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How To Treat Or Manage Your Colicky Baby

1. Parent’s Self-care:

The first line of treatment should be concerned with the distressed parents, educating them about colic and assuring that it is self-limiting, not a serious condition. Parents are requested to calm themselves and not to get frustrated by infants crying. Frustrated parents may sometimes injure the baby and themselves. Always remember not to shake your baby it may result in a serious condition called shaken baby syndrome that can cause blindness, brain damage, and even death.

2. Soothing Techniques:

Here are some techniques which can calm your fussy baby:

  • Swaddle your baby.

  • Gently rock your baby. This calms your baby and helps the baby to pass gas. You can also try an infant swing when the baby can hold up their head.

  • Hold your baby in an upright position it relieves heartburn.

  • Singing a lullaby to the baby or playing soft music.

  • Burping your baby to relieve trapped gas bubbles.

  • Try giving them warm baths.

  • You can also try taking them for a drive in a car.

  • Place warm towels in your babys stomach.

  • Take your baby for a walk in a stroller.

3. Dietary Modifications:

  • If your baby is breastfed, mothers can avoid taking milk products, caffeine, onions, cabbage, or any irritating foods in their diet.

  • The American academy of pediatrics discourages the use of soy-based formulas in colic treatment.

4. Medications:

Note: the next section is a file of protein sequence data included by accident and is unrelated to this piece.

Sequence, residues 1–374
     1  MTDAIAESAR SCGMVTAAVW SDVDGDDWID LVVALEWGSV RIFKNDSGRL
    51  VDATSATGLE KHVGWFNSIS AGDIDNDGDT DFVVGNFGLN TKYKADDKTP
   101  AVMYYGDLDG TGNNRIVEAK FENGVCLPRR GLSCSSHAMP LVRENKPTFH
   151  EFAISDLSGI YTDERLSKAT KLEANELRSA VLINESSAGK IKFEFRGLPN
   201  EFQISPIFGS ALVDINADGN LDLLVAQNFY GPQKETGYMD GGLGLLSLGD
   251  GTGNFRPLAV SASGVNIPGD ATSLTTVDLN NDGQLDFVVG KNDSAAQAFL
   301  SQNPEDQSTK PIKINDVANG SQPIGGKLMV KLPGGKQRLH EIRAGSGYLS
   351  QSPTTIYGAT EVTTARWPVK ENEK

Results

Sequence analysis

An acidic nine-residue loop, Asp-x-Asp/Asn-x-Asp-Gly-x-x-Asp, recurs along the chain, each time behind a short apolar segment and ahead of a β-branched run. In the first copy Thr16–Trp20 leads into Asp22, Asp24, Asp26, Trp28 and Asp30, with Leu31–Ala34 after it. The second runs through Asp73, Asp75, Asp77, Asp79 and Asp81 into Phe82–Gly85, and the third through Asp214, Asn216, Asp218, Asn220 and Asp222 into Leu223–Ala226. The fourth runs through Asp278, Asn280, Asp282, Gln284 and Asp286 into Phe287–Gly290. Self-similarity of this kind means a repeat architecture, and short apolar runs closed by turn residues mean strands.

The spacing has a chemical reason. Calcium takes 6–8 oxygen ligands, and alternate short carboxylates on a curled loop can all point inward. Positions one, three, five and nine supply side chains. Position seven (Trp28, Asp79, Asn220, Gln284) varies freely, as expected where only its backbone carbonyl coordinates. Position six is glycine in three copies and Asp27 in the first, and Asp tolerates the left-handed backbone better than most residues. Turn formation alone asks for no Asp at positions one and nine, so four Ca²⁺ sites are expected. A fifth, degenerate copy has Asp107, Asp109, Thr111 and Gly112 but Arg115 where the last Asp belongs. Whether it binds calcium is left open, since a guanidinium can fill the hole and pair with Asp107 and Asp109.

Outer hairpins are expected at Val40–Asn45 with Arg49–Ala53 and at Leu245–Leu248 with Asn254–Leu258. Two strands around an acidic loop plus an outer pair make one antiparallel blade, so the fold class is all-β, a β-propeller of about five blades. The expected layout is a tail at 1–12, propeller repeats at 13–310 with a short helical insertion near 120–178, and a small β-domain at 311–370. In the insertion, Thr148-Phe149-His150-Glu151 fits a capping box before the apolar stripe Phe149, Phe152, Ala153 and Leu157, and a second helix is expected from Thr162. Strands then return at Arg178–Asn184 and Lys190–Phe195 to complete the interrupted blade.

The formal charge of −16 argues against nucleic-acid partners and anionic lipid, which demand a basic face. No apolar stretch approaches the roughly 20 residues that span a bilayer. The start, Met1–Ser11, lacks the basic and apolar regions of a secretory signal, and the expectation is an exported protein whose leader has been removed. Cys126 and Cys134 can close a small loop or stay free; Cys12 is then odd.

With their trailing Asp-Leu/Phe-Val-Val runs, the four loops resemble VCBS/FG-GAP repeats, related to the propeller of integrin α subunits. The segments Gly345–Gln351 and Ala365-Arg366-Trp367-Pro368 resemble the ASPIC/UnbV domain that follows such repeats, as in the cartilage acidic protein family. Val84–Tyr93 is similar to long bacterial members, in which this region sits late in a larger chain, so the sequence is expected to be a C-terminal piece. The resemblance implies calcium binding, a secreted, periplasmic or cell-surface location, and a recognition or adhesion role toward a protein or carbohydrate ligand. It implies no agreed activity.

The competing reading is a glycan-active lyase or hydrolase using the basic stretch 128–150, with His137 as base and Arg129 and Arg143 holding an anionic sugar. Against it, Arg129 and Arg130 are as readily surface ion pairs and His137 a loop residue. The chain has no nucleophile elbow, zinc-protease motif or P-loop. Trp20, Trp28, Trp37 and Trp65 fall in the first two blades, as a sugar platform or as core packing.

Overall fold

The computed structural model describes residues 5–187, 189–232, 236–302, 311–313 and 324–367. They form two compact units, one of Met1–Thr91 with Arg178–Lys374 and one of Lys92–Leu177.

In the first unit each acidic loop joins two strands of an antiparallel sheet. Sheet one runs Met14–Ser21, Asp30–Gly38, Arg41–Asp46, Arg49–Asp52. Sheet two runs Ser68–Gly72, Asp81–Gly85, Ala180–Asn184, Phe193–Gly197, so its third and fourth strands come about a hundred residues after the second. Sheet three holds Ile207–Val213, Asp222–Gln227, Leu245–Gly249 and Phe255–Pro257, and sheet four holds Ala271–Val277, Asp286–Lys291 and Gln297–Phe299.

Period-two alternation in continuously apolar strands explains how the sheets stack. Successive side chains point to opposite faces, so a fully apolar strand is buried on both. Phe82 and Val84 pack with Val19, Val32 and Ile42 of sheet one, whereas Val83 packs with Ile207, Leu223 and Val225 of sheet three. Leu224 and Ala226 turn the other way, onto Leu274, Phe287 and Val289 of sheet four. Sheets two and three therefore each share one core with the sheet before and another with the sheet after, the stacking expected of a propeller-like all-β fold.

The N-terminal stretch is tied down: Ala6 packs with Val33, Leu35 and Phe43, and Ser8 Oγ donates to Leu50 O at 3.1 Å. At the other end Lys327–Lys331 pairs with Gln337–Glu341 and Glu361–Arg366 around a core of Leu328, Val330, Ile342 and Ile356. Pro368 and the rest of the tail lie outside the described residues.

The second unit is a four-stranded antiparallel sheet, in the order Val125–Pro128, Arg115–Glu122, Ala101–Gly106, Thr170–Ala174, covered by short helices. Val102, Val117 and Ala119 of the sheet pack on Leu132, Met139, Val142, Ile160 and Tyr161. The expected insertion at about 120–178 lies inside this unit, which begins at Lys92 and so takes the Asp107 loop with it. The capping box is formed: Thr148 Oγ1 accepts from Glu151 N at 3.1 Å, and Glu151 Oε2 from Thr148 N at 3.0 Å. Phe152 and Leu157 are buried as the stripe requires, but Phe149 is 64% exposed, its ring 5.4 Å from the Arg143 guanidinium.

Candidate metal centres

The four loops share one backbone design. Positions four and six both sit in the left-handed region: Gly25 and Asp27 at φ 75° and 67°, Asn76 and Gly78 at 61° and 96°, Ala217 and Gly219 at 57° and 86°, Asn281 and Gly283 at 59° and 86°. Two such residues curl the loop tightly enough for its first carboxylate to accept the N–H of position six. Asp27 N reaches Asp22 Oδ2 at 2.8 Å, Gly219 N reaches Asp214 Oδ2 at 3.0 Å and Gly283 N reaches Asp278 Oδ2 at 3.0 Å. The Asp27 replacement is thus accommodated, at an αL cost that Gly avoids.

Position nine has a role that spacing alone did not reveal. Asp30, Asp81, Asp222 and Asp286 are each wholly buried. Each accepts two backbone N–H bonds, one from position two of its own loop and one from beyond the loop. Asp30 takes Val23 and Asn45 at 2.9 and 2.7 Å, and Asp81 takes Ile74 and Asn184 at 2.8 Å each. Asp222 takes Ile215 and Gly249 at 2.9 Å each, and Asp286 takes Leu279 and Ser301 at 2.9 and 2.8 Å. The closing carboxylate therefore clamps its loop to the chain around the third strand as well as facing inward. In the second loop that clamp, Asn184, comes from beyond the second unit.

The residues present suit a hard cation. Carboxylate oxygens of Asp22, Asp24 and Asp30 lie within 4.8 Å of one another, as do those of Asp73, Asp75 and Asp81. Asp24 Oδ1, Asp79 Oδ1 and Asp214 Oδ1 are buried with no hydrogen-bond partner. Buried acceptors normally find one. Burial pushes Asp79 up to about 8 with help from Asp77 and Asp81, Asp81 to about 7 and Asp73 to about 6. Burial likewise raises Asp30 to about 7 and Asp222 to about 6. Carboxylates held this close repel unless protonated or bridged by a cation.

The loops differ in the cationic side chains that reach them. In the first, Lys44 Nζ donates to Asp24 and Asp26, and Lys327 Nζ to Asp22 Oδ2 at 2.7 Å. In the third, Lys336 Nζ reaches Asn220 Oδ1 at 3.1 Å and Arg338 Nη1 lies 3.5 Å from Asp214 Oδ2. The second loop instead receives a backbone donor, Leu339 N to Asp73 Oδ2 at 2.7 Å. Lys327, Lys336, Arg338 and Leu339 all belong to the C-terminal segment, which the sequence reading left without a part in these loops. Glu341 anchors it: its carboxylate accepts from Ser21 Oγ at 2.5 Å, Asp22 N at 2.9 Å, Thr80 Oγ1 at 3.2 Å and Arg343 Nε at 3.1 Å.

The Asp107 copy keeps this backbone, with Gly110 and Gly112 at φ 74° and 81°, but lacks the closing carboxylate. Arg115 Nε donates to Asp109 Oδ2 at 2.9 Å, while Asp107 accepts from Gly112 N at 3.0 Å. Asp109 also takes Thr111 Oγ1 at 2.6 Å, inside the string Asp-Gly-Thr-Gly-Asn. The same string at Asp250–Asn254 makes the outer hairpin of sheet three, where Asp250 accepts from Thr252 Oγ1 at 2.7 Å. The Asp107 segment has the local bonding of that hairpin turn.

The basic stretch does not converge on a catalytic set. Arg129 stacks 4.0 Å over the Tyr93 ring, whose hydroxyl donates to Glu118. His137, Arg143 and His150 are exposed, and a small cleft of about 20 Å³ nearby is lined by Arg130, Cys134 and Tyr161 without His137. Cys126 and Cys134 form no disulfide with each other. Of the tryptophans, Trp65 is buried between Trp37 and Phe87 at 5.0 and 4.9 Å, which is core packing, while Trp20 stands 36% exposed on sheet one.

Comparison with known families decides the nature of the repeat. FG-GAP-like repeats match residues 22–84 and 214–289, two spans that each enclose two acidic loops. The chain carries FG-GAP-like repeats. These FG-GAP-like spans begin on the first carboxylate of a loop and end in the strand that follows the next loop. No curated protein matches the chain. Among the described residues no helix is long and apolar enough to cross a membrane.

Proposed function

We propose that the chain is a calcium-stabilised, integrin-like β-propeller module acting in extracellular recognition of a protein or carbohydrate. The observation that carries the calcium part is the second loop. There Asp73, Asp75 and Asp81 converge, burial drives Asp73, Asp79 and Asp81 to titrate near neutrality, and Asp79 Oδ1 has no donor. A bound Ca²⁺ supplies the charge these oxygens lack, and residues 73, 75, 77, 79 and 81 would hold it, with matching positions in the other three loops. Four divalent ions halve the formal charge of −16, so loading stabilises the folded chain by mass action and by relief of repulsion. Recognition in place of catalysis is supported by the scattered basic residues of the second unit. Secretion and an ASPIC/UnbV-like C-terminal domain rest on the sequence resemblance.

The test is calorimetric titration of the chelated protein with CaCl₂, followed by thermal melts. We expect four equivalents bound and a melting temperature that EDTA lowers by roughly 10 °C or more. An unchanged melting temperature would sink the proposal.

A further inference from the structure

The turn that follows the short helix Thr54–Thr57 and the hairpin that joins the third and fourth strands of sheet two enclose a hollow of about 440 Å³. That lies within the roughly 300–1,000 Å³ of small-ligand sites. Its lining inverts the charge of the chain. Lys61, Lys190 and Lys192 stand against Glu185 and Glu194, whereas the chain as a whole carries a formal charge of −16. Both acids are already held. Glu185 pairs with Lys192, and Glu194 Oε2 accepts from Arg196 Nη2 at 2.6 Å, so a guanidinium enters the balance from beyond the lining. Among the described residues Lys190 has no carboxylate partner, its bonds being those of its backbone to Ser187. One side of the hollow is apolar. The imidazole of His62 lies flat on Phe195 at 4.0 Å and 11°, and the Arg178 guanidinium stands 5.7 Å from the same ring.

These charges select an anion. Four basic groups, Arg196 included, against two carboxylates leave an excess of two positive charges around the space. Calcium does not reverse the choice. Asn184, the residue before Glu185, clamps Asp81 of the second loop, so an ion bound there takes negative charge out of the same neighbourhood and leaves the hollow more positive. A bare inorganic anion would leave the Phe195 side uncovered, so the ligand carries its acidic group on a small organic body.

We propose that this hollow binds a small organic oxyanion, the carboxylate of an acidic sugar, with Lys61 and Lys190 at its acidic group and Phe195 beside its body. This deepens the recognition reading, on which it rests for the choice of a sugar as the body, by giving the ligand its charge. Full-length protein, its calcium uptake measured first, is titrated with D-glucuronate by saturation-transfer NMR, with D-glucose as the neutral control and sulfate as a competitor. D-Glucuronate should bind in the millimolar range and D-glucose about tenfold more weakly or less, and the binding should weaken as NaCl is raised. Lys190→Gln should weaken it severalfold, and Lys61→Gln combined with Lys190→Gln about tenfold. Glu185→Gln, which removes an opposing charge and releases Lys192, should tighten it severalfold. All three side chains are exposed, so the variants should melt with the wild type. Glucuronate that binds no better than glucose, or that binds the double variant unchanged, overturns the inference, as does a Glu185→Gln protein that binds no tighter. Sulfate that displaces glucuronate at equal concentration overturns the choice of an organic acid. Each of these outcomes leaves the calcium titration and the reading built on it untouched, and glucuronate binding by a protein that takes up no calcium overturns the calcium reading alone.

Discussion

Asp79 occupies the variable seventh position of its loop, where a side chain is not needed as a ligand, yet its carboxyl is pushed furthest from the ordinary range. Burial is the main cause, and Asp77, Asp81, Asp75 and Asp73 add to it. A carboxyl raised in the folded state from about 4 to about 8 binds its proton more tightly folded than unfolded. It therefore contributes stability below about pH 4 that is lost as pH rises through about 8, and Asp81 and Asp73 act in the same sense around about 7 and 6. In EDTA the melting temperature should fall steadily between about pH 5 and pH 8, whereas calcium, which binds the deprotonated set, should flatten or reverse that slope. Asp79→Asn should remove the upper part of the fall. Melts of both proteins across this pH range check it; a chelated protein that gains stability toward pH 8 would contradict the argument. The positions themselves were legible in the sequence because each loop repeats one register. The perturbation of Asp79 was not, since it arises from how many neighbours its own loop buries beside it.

Create A Calming Feeding Time

What To Do If Your Baby Has Colic

Try making feeding time as peaceful as possible for both of you. Find a quiet spot and enjoy the peace of nursing, it will do wonders for your nerves and your babys digestion. Turn off the TV, play some soothing music, dim the lights and let your energy level slow down and become peaceful. A drop of lavender essential oil in the hollow of your throat will help you de-stress and soothe your baby, too. Just sitting, breathing and inhaling the scent will relieve the jangled nerves.

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If You Suspect Overstimulation:

  • Respond. Crying is a babys only way of communicating his needs. But its also his only way of wielding any control at all over a vast and bewildering new environment: He cries, you come running to his side powerful stuff when youre otherwise completely powerless. In fact, studies show that responding promptly to your babys cries will reduce his crying in the long run.
  • Excise excitement. Limit visitors and avoid exposing your baby to new experiences in stimulating environments, particularly in the late afternoon and early evening. Watch how your baby responds to certain stimuli and steer clear of any that seem to offend.
  • Create calm. Trying to make your babys environment peaceful might help him relax. Dim the lights, speak or sing in soothing tones and keep other noise and distractions to a minimum.